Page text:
What is the Federal Budget?

Tomorrow, the Government will release its key economic document. What is the Federal Budget? And what's in it?
Tomorrow, the Government will release its key economic document. What is the Federal Budget? And what's in it?

Tomorrow night, the Federal Government will release the 2024/25 Budget.

There’s no more important economic document for the Government than its Budget.

It documents two things: where the government wants to allocate its money (spending), and how it will pay for it (revenue).

The Federal Government generally relies on taxes to fund the Budget. The biggest sources of tax revenue come from individual taxpayers, companies, and the goods and service tax (GST).

Here’s what to know before Budget night.

Key terms to know for the Federal Budget

The difference between the amount the government spends and the taxes it collects will determine if the Budget is in surplus or deficit.

A surplus is when the government has collected more money than it is spending. It’s what happens when the government has leftover money after allocating funds to each of its projects.

A deficit is when the government hasn’t collected enough taxes to fund everything it wants to. This means it needs to borrow money, which puts the government in an interest-accruing debt.

The Government has been hesitant to reveal details, but it’s expected that this year’s Budget will be in surplus.

This would be the second consecutive surplus. Last year, the Government posted a $22 billion surplus – the first of its kind in 15 years.

Surpluses don’t automatically eradicate debt. The Government is still in almost $1 trillion of debt and is paying billions of dollars in interest on this debt every year.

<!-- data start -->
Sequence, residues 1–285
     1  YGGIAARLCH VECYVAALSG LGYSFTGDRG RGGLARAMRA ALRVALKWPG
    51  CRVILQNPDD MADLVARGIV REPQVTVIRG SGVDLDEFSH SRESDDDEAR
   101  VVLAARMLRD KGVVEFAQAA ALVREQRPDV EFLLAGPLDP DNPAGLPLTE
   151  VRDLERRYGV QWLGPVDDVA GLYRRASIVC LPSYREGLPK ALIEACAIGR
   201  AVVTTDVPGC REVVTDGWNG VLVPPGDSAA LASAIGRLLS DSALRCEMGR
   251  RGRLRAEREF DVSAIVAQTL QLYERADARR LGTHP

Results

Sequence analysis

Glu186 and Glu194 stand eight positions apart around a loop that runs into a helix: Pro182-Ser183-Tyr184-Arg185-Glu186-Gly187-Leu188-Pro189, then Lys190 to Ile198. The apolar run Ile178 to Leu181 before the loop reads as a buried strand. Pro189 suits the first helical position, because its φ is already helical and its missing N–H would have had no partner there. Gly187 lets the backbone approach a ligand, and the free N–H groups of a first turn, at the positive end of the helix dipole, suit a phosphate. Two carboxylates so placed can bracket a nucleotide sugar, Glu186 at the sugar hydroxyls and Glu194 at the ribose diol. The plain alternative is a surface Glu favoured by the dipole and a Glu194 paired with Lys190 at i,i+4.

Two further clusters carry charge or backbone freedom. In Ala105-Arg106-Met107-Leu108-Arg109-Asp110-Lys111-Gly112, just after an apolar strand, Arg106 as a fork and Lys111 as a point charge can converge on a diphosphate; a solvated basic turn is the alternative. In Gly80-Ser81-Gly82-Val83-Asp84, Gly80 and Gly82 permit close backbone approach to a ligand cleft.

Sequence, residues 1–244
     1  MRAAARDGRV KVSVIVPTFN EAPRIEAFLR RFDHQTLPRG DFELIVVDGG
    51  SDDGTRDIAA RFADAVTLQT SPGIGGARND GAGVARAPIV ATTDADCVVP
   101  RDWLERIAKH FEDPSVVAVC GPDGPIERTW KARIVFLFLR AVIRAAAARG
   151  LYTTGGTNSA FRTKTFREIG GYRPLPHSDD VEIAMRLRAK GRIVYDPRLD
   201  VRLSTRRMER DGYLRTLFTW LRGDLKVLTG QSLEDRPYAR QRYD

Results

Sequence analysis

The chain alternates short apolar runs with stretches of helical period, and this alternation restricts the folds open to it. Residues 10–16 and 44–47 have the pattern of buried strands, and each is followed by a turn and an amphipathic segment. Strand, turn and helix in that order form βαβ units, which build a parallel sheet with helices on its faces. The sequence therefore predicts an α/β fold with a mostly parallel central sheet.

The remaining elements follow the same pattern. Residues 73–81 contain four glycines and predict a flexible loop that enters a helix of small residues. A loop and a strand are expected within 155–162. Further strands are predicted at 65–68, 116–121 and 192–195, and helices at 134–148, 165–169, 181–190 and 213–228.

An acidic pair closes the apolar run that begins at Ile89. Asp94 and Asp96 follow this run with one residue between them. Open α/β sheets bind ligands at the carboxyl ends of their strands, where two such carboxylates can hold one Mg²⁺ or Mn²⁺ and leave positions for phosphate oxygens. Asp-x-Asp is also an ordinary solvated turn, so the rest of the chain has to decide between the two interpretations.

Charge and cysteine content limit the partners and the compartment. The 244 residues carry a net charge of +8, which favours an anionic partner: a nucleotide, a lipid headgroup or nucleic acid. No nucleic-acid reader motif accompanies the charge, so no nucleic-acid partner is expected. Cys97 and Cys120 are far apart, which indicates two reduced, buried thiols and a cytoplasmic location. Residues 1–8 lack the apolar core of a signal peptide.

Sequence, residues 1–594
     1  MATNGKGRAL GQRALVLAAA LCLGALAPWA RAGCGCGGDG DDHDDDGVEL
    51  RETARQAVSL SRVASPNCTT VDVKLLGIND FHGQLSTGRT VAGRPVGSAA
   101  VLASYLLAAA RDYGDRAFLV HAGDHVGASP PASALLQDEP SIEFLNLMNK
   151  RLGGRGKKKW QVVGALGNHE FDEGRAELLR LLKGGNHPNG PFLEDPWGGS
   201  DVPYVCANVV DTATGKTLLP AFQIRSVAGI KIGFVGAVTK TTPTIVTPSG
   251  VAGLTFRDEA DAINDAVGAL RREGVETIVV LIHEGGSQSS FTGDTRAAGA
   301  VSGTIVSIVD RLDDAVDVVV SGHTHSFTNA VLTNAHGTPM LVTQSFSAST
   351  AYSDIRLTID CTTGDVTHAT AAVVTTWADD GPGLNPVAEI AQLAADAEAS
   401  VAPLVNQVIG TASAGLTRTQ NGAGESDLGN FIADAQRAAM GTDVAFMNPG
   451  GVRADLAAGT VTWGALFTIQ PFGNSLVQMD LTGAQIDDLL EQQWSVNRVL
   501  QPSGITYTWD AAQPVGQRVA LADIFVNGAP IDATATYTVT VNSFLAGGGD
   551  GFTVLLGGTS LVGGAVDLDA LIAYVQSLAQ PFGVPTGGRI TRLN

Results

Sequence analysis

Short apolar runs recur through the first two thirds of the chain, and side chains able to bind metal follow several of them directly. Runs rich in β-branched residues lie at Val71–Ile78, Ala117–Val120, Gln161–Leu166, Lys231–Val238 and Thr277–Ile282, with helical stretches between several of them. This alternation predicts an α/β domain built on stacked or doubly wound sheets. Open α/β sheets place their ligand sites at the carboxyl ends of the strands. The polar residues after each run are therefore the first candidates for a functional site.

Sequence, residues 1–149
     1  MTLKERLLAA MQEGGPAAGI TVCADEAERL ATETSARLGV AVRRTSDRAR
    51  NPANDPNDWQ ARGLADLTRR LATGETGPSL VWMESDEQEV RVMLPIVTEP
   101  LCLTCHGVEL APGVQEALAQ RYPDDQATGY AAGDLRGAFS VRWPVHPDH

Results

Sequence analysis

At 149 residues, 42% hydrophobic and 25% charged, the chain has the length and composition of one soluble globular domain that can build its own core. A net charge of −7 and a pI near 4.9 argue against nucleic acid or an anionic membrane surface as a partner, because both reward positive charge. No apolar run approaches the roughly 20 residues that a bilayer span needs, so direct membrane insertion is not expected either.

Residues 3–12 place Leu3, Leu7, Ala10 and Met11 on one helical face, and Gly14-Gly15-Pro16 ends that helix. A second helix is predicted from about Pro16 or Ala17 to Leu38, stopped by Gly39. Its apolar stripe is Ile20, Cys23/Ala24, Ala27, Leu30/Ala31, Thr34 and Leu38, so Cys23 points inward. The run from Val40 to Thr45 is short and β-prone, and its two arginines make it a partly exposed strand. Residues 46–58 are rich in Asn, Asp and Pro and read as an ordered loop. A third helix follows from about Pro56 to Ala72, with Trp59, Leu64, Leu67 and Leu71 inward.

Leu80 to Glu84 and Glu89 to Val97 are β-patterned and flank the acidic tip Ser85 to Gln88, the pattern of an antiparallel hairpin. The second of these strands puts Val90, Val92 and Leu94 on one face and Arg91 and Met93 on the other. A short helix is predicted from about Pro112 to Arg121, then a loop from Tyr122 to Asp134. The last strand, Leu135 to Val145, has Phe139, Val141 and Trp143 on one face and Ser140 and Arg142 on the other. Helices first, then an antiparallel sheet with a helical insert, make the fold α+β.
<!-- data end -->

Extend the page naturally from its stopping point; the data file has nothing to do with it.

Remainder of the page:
What will be in it?

While there could be some surprises in the Budget, many of the Government’s biggest initiatives have already been announced.

This includes a decision to wipe $3 billion in student debt fees, as part of an overhaul of the national student debt repayment system. A new payment for students on mandatory work placements has also been announced.

The Government’s revised Stage 3 tax cuts – flagged in January – are set to be the largest cost-of-living measure in the Budget. The changes will come into effect on 1 July and will benefit those earning less than $135,000 the most.

Economic forecast

Also included in each Budget is the Government’s economic outlook.

This will show what the Government expects to change in both the global and domestic economy in the next few years.

Projections about changes to international trade, wage growth, and inflation are all expected to be addressed.

TDA’s Federal Budget coverage

Some of the TDA team will be in Canberra on Tuesday to dissect the 2024/25 Budget.

Coverage will begin on Instagram from about 7:30pm, the same time that Treasurer Jim Chalmers will rise to make his Budget speech in the House of Representatives.

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